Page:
Drug combination fights resistance to lung cancer treatment
DALLAS – April 6, 2020 – A new drug combination discovered by the UT Southwestern Simmons Cancer Center may extend the effectiveness of a lung cancer treatment and make it available to many more patients.
The findings, published in the journal Nature Cancer, focused on epidermal growth factor receptor, EGFR, a protein that has a prominent role in the growth and survival of cancer cells, and resistance that builds up against inhibitors used to battle it. The researchers found that adding an interferon blocker, normally used to treat lupus, effectively wiped out this resistance in mice.
Clinical trials will be needed to confirm the effects in humans. But the drug combination could represent a significant step in the fight against lung cancer, which is the deadliest form of cancer in Texas and the nation.
“This could be very important because it could expand the reach of the drug from about 15 percent to the majority of patients with lung cancer. That’s millions of people worldwide,” says Amyn Habib, M.D., associate professor of Neurology and Neurotherapeutics at UT Southwestern Medical Center, a member of the Harold C. Simmons Comprehensive Cancer Center, and a staff physician at the Dallas Veterans Affairs Medical Center.
About 15 percent of lung cancer patients have a mutation in EGFR that makes it more active. EGFR inhibitors work well initially, but are eventually thwarted by signaling pathways developed by cancer cells to resist the drug. Crippling one or two of the pathways robs the cancer cells, at least for a while, of their ability to resist the EGFR inhibitors.
Habib’s lab discovered that the signaling pathways release proteins called interferons that resist the EGFR inhibitor. It was an unexpected finding because oncologists normally see interferons as allies in fighting cancer. In this case, they are foes, and the research team looked for something to block them.
Their broad search included drugs outside of cancer treatment and found an interferon blocker used in lupus patients called anifrolumab. The researchers used anifrolumab to block interferons in mice, crippling the signaling pathway and wiping out the resistance to the EGFR blocker.
They also found that patients who did not have mutated EGFR also increased their interferon levels in response to EGFR inhibitors. This has kept those patients from responding to the EGFR inhibitor drugs. That means that if the lupus drug could block the interferons, it would also open those patients up to the benefits of the EGFR blocking drugs.
“Research that leads to drug combinations like this are hugely valuable in the fight against cancer because new drug development is expensive and slow. This speeds up new possibilities for treatment,” says Carlos L. Arteaga, M.D., Director of the Simmons Cancer Center.
Habib’s lab made the discovery by focusing on about 3,000 genes in the lung cancer cell and charting that were turned on or off. The data clearly led the researchers to increased activity with interferons.
“That’s what gave us proof that the interferon mechanism was in play,” Habib says.
This was previously unknown to medical science, and it is significant because EGFR signaling plays a role in other cancers including breast cancer and glioblastoma. Habib says his next step is to pursue clinical trials in lung cancer patients.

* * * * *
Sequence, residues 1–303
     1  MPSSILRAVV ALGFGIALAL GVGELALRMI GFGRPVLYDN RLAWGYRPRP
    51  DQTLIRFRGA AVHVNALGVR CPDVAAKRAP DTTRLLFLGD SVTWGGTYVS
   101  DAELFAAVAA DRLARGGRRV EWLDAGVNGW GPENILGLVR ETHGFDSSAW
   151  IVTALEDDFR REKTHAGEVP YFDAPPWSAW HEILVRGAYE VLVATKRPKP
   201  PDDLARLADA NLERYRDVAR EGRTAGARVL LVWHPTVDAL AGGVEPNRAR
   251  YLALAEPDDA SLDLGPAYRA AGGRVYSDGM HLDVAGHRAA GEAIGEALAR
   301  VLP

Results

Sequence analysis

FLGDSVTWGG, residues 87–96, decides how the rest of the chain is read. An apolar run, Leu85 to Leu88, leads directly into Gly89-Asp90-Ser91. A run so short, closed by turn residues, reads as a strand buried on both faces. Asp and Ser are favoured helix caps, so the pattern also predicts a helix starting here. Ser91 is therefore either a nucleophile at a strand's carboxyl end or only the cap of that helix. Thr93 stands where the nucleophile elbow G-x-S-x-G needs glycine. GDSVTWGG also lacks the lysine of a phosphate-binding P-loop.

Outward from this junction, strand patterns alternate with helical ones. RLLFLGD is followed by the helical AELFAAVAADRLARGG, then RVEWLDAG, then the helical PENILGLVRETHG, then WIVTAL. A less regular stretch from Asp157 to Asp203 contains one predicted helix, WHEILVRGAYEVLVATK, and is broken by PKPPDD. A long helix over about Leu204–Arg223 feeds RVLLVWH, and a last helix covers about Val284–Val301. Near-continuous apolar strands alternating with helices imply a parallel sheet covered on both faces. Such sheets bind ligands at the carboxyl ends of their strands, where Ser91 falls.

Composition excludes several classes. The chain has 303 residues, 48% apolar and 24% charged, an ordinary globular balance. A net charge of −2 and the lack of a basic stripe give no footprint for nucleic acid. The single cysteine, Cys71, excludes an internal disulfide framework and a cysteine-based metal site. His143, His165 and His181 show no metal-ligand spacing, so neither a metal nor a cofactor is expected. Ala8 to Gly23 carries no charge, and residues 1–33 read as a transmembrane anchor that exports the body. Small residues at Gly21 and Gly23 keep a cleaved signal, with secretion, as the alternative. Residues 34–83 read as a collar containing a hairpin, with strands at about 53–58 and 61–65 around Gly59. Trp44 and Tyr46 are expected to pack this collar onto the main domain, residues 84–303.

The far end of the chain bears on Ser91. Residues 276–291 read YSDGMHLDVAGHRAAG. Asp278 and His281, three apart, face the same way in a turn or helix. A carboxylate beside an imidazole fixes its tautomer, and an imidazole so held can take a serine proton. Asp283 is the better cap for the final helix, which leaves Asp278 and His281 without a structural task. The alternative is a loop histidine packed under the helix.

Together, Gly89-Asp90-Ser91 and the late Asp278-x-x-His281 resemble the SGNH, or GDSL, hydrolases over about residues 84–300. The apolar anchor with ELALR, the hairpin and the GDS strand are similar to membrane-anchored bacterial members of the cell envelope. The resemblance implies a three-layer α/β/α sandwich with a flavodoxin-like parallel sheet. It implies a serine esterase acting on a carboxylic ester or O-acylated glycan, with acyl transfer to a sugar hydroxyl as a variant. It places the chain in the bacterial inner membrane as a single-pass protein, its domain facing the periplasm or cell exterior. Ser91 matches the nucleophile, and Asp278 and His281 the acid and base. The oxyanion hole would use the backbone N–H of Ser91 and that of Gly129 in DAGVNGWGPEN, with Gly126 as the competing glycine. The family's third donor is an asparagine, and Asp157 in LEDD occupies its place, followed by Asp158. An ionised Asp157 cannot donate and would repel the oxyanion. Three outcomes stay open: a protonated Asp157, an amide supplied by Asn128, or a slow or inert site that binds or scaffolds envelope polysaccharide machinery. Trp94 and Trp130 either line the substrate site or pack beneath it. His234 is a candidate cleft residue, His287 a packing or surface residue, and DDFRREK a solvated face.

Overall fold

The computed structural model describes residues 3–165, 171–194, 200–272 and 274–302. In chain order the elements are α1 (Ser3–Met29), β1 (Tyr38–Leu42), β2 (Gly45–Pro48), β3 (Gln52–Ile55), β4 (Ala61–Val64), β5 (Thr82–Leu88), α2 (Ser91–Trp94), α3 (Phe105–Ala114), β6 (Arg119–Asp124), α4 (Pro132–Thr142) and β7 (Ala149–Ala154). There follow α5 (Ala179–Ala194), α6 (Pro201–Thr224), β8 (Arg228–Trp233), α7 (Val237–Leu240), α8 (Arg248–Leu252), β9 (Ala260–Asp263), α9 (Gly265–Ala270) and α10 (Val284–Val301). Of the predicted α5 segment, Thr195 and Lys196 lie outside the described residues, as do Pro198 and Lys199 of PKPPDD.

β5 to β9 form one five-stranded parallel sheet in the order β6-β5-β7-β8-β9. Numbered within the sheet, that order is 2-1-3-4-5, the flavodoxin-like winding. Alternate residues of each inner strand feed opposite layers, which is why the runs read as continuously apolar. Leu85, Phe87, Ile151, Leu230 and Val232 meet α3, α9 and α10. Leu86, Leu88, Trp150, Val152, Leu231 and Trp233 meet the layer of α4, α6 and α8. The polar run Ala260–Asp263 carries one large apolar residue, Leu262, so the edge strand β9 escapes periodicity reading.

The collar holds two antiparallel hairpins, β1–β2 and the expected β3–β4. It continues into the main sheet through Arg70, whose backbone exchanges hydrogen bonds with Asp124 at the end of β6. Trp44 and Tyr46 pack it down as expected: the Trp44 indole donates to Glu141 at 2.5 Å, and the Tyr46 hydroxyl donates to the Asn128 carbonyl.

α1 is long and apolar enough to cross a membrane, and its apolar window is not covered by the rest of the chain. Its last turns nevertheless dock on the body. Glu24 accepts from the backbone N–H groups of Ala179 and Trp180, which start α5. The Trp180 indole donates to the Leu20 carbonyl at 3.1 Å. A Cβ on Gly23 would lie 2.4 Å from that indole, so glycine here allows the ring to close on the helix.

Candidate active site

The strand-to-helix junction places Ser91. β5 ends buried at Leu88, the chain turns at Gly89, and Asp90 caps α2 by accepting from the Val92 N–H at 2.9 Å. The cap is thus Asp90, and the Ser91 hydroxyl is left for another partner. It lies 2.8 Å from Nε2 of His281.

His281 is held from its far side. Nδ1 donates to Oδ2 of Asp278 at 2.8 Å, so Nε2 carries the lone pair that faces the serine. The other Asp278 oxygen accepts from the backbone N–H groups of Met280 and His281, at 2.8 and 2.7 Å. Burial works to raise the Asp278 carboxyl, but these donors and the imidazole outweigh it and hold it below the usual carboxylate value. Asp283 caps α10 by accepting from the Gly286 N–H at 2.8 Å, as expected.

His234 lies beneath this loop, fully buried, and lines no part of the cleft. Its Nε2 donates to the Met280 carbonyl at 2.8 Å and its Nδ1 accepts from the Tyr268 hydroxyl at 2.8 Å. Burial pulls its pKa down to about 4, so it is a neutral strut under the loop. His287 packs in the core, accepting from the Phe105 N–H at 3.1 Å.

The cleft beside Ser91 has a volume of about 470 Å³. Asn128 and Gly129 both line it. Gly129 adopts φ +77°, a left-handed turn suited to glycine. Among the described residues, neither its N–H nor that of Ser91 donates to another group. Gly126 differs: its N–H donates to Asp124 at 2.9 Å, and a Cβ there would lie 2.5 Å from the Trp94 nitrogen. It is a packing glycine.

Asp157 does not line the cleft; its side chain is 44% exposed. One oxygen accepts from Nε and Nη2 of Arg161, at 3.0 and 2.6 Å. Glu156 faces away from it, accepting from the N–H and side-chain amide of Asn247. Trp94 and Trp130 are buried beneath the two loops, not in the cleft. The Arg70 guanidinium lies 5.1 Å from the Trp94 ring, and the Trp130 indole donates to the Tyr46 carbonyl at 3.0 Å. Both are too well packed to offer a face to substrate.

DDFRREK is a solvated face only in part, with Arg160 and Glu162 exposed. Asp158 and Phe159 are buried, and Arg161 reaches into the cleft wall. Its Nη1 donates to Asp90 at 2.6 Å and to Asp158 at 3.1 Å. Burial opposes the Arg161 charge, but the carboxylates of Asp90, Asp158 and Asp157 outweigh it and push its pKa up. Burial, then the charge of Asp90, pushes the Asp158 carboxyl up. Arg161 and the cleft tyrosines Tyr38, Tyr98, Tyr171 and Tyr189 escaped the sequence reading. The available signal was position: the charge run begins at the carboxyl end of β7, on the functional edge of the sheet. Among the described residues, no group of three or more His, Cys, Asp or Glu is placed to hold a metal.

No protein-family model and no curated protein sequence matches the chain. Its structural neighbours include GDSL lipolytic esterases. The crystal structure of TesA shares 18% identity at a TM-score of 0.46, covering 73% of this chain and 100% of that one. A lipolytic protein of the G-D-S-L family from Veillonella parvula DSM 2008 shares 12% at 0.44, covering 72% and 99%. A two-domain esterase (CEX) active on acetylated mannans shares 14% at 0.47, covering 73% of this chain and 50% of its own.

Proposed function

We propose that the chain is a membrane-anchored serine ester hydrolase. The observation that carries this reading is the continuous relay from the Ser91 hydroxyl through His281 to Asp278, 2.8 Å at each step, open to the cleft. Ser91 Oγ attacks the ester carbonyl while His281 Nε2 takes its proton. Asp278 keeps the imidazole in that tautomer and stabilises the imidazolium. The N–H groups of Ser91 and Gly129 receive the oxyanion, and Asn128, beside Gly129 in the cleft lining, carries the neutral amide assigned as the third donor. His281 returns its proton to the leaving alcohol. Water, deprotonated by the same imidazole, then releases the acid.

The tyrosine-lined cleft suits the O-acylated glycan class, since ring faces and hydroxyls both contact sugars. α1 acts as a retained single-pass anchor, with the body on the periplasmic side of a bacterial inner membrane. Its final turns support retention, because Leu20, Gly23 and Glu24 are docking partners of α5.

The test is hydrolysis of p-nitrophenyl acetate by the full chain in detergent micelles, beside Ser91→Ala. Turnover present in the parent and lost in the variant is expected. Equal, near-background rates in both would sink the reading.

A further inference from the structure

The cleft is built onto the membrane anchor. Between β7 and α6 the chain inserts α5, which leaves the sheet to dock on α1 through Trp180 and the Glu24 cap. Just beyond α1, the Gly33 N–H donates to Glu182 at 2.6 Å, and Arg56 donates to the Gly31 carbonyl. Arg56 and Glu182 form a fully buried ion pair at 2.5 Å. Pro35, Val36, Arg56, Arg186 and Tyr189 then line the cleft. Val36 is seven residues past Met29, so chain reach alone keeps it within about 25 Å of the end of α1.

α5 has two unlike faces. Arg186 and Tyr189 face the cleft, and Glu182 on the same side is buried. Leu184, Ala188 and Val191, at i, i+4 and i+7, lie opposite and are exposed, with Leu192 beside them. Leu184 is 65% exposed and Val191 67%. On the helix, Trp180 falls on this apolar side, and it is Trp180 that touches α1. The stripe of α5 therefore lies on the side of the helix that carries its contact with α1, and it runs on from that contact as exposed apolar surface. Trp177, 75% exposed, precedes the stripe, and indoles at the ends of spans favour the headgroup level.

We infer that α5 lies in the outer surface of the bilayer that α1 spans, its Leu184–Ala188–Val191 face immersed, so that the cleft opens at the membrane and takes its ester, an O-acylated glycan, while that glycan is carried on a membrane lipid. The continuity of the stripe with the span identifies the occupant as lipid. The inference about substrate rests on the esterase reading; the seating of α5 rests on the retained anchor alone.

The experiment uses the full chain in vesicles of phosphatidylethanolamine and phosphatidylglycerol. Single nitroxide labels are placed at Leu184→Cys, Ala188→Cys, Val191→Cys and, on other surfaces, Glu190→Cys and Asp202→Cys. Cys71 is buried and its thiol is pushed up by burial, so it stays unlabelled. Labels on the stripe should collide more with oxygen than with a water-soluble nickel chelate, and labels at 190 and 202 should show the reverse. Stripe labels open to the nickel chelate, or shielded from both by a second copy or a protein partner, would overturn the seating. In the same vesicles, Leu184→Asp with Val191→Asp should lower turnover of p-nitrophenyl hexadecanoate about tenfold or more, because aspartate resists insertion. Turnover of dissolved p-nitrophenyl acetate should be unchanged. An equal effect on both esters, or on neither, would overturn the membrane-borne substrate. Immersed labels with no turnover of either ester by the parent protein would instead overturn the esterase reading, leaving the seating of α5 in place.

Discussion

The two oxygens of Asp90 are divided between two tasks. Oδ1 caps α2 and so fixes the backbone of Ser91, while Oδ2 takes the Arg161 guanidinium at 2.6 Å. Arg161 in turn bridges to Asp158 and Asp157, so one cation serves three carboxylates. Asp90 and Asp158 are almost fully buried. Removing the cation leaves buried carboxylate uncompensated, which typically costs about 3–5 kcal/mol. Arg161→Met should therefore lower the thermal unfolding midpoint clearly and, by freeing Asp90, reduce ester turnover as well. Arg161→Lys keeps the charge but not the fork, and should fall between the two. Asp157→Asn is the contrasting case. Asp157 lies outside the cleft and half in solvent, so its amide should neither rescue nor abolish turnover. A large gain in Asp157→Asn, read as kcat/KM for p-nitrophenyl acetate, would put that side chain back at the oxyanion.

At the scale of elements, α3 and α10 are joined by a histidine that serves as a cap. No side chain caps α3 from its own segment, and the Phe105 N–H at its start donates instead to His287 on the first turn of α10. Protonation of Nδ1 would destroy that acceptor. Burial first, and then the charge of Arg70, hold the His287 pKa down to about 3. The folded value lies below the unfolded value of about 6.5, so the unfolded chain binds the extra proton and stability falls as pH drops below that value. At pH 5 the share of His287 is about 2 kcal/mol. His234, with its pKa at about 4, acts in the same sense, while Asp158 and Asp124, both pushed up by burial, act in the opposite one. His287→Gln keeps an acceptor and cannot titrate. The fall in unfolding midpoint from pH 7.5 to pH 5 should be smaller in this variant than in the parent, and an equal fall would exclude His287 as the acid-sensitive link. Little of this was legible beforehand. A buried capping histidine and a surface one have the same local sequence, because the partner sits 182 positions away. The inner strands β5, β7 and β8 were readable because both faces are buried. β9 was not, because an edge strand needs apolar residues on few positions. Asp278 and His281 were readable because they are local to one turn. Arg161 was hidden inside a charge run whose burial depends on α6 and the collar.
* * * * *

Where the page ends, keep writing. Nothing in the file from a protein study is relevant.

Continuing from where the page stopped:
Other authors of the study from UT Southwestern are Ke Gong, Gao Guo, Nishah Panchani, Matthew Bender, David E. Gerber, John D. Minna, Farjana Fattah, Boning Gao, Michael Peyton, Kemp Kernstine, Cheng-Ming Chiang, Adwait Amod Sathe, Chao Xing, and Esra A. Akbay. Authors from other institutions are Kathryn H. Dao of Baylor Research Institute in Dallas, Dawen Zhao of Wake Forest School of Medicine in Winston-Salem, North Carolina, and Sandeep Burma and Bipasha Mukherjee, both at the University of Texas Health Science Center at San Antonio.
The authors declared no conflicts of interests. This research was supported in part by the Office of Medical Research, the Department of Veterans Affairs, a Lung Cancer Specialized Programs of Research Excellence Career Enhancement Program Award, and the Dallas VA Research Corporation. The work was also supported by the National Cancer Institute (NCI) Lung Cancer Specialized Programs of Research Excellence, the Cancer Prevention and Research Institute of Texas, an NCI Midcareer Investigator Award in Patient Oriented Research, and grants from the National Institutes of Health, NASA, The Welch Foundation, a Career Enhancement Award through the National Institutes of Health, and the Harold C. Simmons Comprehensive Cancer Center’s Biomarker Research Core, which is supported by an NCI Cancer Center Support Grant. An NIH shared instrumentation grant funded the MRI equipment.
Dr. Arteaga holds The Lisa K. Simmons Distinguished Chair in Comprehensive Oncology.
About UT Southwestern Medical Center
UT Southwestern, one of the premier academic medical centers in the nation, integrates pioneering biomedical research with exceptional clinical care and education. The institution’s faculty has received six Nobel Prizes, and includes 22 members of the National Academy of Sciences, 17 members of the National Academy of Medicine, and 14 Howard Hughes Medical Institute Investigators. The full-time faculty of more than 2,500 is responsible for groundbreaking medical advances and is committed to translating science-driven research quickly to new clinical treatments. UT Southwestern physicians provide care in about 80 specialties to more than 105,000 hospitalized patients, nearly 370,000 emergency room cases, and oversee approximately 3 million outpatient visits a year.